With the gang, Jesse starts by being sick at the sight of blood (it is rather gory for the time, though in monochrome). This is when we see him in drag, dressed up as a girl to fool the Union soldiers while he is contacting a Reb spy. An officer rumbles him and Cole is obliged to shoot the fellow in the face. Later, back in the camp, the sergeant who hanged Daddy is captured (“I was only doing my duty,” he says) and Jesse shoots him in the back. “You didn’t have to kill him,” says goody Cole. “Well, you didn’t have to shoot that officer,” Jesse rebuts. You see, Jesse is now becoming a hardened killer.
Once he’s got his revenge, though, he goes back to the farm and the loving arms of his ma, Mrs Samuel (Sheila Bromley) and his inamorata Zee (Jacklyn O’Donnell, of whom The New York Times rather unkindly said that she was “drab as the farm girl who fails to satisfy”). Frank and Jesse’s mother is one of those buxom apple-pie mommas who bears no relation whatever to Zerelda Samuel, the real hardened harridan of history, while Zee is another goody-goody, who won’t marry him unless he renounces his evil ways. Been there, done that.
Now it is revealed that Jesse has second sight. While putting up a ‘God Bless Our Home’ sampler that Zee has made he foresees his own death.
It isn’t long before Jesse is back with the guerrillas and robbin’ and killin’. At one point he falls from his horse and twists an ankle so Cole takes him to stay with Belle Starr (Anders) until it gets better, and of course Cole and Belle are lovey-dovey and Jesse is a bit jealous. Wikipedia says, “Allegedly, Belle was briefly married for three weeks to Charles Younger, uncle of Cole Younger, in 1878”, though reader Walter S tells me that his friend Phillip Wayne Steele wrote of Belle’s marriage to Bruce Younger, the son of Charles. Cole denied this in his autobiography, though. But various movies (e.g. The Long Riders) invent a Cole/Belle romance.
Next, Cole, disgusted by Quantrill’s unpatriotic villainy, rides off to join Shelby’s regulars. Now one of the guerrillas (Rex Holman) tries to rape Zee, so Jesse empties his revolver into the fellow. Quantrill is not best pleased. “He was only having some fun.” Shaken, Zee tells him that she had come to get him because Union troops have firebombed the house and his mother has lost an arm (this event actually took place in 1875 at the hands of the Pinkertons but here it is a wartime occurrence). Jesse goes back to comfort his ma, where he is informed that Lee has surrendered and the war is over. He doesn’t cotton to that, saying he still has “a lot of scores to settle” but saintly Zee convinces him to ride into town and surrender. While doing so, Jesse holding a white flag, a Union soldier gratuitously shoots him.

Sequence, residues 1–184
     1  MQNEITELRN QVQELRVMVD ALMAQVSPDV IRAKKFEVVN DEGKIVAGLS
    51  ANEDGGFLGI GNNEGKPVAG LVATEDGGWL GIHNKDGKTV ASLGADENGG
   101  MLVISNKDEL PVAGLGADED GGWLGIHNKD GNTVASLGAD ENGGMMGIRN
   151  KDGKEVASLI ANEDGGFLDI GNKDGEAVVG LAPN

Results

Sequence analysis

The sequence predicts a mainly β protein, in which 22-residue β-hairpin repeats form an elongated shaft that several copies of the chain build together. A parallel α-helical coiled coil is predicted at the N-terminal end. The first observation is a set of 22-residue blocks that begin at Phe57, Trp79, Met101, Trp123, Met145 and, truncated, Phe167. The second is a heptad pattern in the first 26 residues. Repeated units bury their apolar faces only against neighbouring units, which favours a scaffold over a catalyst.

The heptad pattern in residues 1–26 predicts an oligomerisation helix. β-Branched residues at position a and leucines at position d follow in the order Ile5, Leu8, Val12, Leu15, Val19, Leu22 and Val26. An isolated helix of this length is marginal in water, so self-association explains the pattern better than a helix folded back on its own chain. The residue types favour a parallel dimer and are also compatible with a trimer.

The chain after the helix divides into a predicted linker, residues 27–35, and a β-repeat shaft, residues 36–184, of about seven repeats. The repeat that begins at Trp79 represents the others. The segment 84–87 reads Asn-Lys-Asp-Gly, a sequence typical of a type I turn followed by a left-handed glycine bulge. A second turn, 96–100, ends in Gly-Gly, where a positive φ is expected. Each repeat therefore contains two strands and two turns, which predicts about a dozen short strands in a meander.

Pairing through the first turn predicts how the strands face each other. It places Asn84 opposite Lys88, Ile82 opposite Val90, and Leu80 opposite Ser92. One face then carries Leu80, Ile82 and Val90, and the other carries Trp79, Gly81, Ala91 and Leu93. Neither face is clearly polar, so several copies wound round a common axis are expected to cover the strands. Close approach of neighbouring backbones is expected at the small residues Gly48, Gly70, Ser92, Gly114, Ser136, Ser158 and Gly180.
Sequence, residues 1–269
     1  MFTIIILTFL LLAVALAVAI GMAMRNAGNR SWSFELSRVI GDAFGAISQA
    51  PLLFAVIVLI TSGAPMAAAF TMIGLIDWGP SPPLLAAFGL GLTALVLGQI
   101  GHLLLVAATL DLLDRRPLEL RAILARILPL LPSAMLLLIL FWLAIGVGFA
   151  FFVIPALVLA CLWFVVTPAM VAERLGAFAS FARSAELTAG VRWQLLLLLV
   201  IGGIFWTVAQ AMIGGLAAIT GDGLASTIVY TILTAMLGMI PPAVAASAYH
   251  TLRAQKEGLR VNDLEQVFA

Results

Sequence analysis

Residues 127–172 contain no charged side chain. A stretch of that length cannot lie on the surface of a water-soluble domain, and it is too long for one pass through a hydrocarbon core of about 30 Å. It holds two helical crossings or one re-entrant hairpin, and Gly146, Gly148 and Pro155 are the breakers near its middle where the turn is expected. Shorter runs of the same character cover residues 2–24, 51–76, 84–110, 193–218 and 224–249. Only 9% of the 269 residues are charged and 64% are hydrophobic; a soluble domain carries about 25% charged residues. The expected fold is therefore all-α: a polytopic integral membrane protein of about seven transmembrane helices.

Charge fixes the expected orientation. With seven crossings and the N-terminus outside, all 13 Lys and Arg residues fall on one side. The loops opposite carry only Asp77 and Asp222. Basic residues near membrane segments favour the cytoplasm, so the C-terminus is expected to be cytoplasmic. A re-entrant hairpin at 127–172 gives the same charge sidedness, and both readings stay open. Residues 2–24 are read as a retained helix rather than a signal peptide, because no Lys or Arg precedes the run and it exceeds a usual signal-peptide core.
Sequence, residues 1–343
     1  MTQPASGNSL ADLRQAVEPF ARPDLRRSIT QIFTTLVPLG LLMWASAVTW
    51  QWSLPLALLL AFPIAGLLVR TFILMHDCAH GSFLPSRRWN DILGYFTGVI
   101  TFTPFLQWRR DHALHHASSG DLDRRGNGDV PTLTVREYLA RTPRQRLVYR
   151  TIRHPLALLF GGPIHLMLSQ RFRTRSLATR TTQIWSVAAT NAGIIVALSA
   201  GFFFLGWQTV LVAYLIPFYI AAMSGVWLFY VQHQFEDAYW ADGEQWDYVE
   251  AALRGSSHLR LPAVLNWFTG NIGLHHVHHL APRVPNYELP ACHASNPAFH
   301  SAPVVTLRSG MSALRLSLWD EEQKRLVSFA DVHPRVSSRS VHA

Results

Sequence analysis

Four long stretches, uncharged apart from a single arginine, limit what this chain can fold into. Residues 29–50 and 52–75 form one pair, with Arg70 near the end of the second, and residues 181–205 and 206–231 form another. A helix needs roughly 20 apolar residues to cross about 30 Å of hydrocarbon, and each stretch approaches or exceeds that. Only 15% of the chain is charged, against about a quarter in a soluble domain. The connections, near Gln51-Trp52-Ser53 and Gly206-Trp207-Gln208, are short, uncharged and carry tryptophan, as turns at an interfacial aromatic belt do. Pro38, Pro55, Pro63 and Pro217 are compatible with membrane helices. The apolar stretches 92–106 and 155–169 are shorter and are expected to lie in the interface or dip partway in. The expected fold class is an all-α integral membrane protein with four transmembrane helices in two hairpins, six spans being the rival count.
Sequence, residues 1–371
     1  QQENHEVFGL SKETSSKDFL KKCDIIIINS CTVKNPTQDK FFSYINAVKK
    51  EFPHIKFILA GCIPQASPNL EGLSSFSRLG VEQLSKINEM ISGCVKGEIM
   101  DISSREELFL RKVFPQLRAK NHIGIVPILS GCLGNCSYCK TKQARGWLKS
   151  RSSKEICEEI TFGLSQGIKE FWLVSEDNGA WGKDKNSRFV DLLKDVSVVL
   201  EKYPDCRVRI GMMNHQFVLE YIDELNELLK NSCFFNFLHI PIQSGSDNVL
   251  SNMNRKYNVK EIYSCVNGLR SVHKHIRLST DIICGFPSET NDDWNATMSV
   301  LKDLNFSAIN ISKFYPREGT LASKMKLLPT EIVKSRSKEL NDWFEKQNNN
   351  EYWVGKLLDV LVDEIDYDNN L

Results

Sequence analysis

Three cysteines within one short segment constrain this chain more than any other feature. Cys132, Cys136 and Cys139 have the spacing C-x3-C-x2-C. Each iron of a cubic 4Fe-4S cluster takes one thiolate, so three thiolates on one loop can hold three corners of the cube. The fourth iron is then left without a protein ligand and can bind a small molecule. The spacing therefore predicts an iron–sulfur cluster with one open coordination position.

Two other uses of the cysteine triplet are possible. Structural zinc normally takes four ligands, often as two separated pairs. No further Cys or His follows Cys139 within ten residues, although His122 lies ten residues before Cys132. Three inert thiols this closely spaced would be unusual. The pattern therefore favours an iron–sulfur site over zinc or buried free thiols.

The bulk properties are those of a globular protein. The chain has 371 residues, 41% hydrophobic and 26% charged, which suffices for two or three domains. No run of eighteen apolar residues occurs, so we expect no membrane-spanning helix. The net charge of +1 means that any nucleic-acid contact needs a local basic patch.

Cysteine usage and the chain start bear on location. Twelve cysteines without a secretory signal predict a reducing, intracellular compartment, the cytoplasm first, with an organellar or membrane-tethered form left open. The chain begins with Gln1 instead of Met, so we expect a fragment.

So you see a whole lot of half-truths and legends that people think they know are given us in a mangled way. That’s quite normal in Jesse Westerns.
Jesse recovers, yet although he and Frank do honest farm work, no one will give them any credit. The banks and railroads are of course mentioned as responsible. Cole turns up again and says he is carrying on the struggle by robbing banks. Jesse and Frank sign up and there is a Northfield-style raid on a bank in Liberty, MO, with mucho shootin’. Jim Younger (Johnny O’Neill), Cole’s brother, is gravely wounded and it’s all Jesse’s fault. He doesn’t care. All he wants is the loot. He is beyond redemption now. He gallops off, followed by a reluctant Frank (“He is my brother”) and to the strains of the same rather cheesy ballad we had at the start, Jesse James rides into a life of outlawry. The End.
It was written by Orville H Hampton (18 big-screen Westerns between 1950 and ’61, starting with I Shot Billy the Kid) and Jerry Sackheim (only this and a 1947 Gene Autry oater to his credit).
Jack Leewood produced. He did Gunfire, another James tale, for Lippert in 195O, and Lone Texan, that Willard Parker flick, as well as I Shot Billy the Kid.
Well, well. I have seen worse. I’ve seen a lot better, mind. It’s rather meandering, with lackluster direction. But still, you could watch it.
It may have been that people had finally had enough of Jesse James on the screen and were all Jesseed out. There had been so many. Variety said that Jesse James had, “through overexposure, become a caricature of himself”. Only two Jesse movies would be made in the 1960s – though he appeared on TV often enough.
So we are nearing the end of our long and winding trail to find the real Jesse James, a doomed enterprise anyway if we are watching movies. But still one or two more Jesses to go, so come back soon!